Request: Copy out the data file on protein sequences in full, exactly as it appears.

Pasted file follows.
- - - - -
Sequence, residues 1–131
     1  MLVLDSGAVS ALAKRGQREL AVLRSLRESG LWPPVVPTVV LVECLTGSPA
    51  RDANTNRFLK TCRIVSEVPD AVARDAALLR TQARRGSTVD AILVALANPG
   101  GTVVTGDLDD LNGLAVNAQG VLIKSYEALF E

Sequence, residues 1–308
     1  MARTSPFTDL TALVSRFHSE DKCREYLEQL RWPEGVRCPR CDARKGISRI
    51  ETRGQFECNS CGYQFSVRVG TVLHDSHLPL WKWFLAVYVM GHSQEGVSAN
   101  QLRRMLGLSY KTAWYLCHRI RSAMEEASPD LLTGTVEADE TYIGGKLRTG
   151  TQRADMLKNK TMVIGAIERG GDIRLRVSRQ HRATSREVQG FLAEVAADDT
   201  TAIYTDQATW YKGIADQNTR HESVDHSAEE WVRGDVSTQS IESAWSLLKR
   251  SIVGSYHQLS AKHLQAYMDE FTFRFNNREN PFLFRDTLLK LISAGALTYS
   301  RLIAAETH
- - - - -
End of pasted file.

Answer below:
Sequence, residues 1–131
     1  MLVLDSGAVS ALAKRGQREL AVLRSLRESG LWPPVVPTVV LVECLTGSPA
    51  RDANTNRFLK TCRIVSEVPD AVARDAALLR TQARRGSTVD AILVALANPG
   101  GTVVTGDLDD LNGLAVNAQG VLIKSYEALF E

Sequence, residues 1–308
     1  MARTSPFTDL TALVSRFHSE DKCREYLEQL RWPEGVRCPR CDARKGISRI
    51  ETRGQFECNS CGYQFSVRVG TVLHDSHLPL WKWFLAVYVM GHSQEGVSAN
   101  QLRRMLGLSY KTAWYLCHRI RSAMEEASPD LLTGTVEADE TYIGGKLRTG
   151  TQRADMLKNK TMVIGAIERG GDIRLRVSRQ HRATSREVQG FLAEVAADDT
   201  TAIYTDQATW YKGIADQNTR HESVDHSAEE WVRGDVSTQS IESAWSLLKR
   251  SIVGSYHQLS AKHLQAYMDE FTFRFNNREN PFLFRDTLLK LISAGALTYS
   301  RLIAAETH